That was another interesting, sympathetic take on the zombies of old, amplifying the first episode’s hint that these are more intelligent than your usual ghouls. Clearly, they’re capable of both learning and compassion, attributes the zombies in Romero’s movies were also moving towards (before he ‘rebooted’ the series, anyway).
So Kieren was not altogether happy that Bill Macy wanted to summarily shoot them, rather than hand them over to the authorities for rehabilitation. On top of that, he wanted his son to prove his loyalty and do the actual shooting. It was a classic clash of loyalties – would Rick heed his best friend and show compassion, or would he be true to his father, and in denial of his own condition, ‘murder’ those like him?
It was an interesting moral dilemma – though surely if zombies can be ‘healed’, shooting them summarily would have been made against the law? Again, though, this appears to be a society in flux, which still hasn’t fully adjusted to the post-Rising world. And thanks to the financial greed of the HVF’s very own ‘dumb and dumber’, Dean and Phil (emerging as the comic relief characters this week) the zombies were saved for rehabilitation. Along the way, we also learnt another interesting tidbit of information about these particular zombies; contrary to popular belief, being bitten doesn’t cause you to turn into one. The fact that most people do seem to believe this surely sets up conflicts to come.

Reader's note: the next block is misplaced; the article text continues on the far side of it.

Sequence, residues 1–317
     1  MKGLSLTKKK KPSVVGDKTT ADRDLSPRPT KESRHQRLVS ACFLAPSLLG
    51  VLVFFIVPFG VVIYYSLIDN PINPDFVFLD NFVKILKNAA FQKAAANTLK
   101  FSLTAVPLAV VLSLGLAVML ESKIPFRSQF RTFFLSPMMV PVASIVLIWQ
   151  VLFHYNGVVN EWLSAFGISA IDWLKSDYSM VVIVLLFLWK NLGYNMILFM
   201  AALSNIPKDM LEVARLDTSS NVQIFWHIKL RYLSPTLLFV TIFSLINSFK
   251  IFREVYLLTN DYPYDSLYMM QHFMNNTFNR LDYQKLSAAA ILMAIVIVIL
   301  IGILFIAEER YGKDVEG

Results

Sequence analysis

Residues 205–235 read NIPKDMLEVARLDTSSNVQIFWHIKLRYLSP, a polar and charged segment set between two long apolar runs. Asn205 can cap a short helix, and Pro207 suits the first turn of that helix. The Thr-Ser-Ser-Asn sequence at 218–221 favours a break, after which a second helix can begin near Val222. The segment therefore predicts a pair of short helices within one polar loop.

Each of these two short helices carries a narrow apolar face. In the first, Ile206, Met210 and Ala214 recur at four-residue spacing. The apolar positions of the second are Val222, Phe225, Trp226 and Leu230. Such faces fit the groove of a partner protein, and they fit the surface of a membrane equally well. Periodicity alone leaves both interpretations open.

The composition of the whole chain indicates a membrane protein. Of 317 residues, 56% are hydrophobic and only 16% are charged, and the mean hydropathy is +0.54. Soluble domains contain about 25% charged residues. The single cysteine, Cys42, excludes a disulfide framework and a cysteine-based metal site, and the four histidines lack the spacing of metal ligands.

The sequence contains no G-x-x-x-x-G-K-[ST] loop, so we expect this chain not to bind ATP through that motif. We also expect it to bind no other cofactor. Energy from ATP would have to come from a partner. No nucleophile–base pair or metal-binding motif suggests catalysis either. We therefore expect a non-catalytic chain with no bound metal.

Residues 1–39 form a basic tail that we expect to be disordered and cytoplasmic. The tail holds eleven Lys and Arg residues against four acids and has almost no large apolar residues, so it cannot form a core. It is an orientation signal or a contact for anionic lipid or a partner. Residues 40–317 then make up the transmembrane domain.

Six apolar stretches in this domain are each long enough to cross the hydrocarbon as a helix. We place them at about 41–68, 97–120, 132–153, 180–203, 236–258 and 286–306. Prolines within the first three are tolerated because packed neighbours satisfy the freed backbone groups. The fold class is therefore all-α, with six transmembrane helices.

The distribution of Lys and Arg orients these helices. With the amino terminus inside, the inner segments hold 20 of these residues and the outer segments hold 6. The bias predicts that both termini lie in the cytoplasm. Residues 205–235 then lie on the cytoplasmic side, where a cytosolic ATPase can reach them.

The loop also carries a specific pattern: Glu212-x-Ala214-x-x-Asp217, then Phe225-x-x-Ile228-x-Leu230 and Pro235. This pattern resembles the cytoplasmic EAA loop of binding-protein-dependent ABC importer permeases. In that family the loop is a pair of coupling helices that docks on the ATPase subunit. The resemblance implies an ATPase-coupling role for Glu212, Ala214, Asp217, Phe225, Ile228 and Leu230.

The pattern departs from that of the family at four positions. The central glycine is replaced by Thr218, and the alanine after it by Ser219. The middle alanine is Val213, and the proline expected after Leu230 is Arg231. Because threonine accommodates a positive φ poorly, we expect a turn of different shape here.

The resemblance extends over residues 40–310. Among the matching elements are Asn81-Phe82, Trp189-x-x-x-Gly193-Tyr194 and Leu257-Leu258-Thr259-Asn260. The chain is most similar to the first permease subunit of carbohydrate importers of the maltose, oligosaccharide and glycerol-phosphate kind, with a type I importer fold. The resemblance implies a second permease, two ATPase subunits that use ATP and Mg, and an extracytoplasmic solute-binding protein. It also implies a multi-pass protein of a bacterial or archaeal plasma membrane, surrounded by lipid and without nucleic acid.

Last week, I wondered whether the show’s genesis as a more conventional drama might leave its supernatural mythos fairly sketchy. Plainly this isn’t the case. It looks as though Dominic Mitchell has done a lot of thinking about the ramifications of the scenario he envisioned, and there’s till more to learn about it yet. As a drama, it’s undoubtedly effective, but as a genre piece it’s also more successful than I thought it might be. It still comes off as derivative – notably of Being Human, although the premise that society at large knows about and fears the humanised monsters is equally reminiscent of True Blood.
That said, if you can take the fact that we’ve been here before with other horror archetypes, In the Flesh is shaping up to be a genuinely intriguing bit of fantasy drama. As I said at the outset, I’m now wondering whether its limited run will allow it to fully realise the potential of its concepts. Still, let’s see what next week’s final instalment reveals…